Some alerts on advanced driver assistance systems (ADAS) are so annoying or bothersome that many drivers disable the systems and may try to avoid them on future vehicle purchases, according to the J.D. Power 2019 U.S. Tech Experience Index Study.
This is a major concern for automakers keen to market these lucrative technologies and pave the way for more highly automated vehicles in the future, said Kristin Kolodge, the firm’s executive director of driver interaction and human machine interface research.
“Automakers are spending lots of money on advanced technology development, but the constant alerts can confuse and frustrate drivers,” Kolodge said. “The technology can’t come across as a nagging parent; no one wants to be constantly told they aren’t driving correctly.”
One example is lane-keeping and centering systems. On average, 23% of customers with these systems complain that the alerts are annoying or bothersome. This ranges from just 8% for one domestic brand to more than 30% for two import brands.
For these owners, 61% sometimes disable the system, compared with just 21% of those that don’t consider the alerts annoying or bothersome. Owners wanting the feature on their next vehicle ranges from 63% for those that consider the alerts annoying or bothersome to 91% for those who do not.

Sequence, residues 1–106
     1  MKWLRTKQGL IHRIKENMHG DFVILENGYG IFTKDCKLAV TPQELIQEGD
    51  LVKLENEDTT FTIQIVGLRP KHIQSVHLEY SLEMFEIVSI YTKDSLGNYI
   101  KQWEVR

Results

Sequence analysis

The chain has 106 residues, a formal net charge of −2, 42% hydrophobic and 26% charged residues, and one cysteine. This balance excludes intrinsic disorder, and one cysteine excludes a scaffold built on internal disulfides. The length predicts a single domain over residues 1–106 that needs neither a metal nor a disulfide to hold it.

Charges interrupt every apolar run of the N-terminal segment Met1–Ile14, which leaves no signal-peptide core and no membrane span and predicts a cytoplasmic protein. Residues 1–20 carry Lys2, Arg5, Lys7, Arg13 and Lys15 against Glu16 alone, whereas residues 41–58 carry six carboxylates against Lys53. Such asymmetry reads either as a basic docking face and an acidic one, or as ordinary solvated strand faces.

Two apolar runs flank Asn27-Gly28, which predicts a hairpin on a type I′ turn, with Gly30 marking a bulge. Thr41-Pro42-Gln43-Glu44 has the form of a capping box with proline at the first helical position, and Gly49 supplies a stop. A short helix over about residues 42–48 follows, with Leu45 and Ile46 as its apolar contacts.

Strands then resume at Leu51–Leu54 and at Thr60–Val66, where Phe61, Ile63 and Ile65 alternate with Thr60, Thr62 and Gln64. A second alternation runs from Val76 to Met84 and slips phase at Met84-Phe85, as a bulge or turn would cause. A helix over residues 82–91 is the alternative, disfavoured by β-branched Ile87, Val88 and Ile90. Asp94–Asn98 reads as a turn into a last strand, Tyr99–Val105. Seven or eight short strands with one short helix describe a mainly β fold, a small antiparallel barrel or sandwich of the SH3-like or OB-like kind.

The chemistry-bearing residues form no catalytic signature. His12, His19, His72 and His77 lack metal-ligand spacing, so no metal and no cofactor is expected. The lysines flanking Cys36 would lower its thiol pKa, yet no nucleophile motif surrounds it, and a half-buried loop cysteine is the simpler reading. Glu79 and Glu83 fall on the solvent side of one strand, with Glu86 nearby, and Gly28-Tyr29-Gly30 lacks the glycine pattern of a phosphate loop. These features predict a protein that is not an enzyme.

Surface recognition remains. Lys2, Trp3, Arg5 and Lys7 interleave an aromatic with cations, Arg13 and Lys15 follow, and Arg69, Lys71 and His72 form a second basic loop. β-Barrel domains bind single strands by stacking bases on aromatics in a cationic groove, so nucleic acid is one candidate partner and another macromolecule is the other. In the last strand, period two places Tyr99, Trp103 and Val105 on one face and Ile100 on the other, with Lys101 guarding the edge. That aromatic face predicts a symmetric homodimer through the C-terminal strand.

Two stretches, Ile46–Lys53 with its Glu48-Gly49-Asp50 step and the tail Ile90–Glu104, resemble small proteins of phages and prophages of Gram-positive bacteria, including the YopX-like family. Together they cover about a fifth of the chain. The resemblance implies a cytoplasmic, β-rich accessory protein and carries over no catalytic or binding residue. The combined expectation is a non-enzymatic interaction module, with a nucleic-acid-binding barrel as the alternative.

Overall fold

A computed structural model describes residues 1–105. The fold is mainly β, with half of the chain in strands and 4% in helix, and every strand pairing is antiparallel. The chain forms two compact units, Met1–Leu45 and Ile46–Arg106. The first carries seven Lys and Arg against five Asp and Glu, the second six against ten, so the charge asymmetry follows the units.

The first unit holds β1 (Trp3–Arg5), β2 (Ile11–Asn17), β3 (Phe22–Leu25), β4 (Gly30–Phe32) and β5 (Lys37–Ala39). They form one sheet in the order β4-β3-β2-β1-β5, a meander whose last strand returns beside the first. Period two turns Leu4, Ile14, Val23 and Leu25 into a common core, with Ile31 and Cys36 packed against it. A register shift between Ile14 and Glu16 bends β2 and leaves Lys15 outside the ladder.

“Some brands are succeeding at making their safety technology effective without being overbearing. Some are good at one aspect but weaker at another, and some are struggling with both,” Kolodge said. “This is why one brand has 90% of its customers wanting lane-keeping/centering on their next vehicle, while another brand has just 59% of its customers saying the same thing.”
The study, now in its fourth year, measures owners’ experiences, usage and interaction with 38 driver-centric vehicle technologies at 90 days of ownership. Overall satisfaction with new-vehicle technology ranges widely. The best-performing vehicle in the study is the Kia Stinger, scoring 834 (on a 1,000-point scale). The overall average is 781, with the lowest-scoring model achieving just 709.
Collision protection has the highest score (813) among the six categories measured in the study. Smartphone mirroring (789) is second, followed by comfort and convenience (787), entertainment and connectivity (782), driving assistance (768), and navigation (744).
Originally posted on Fleet Forward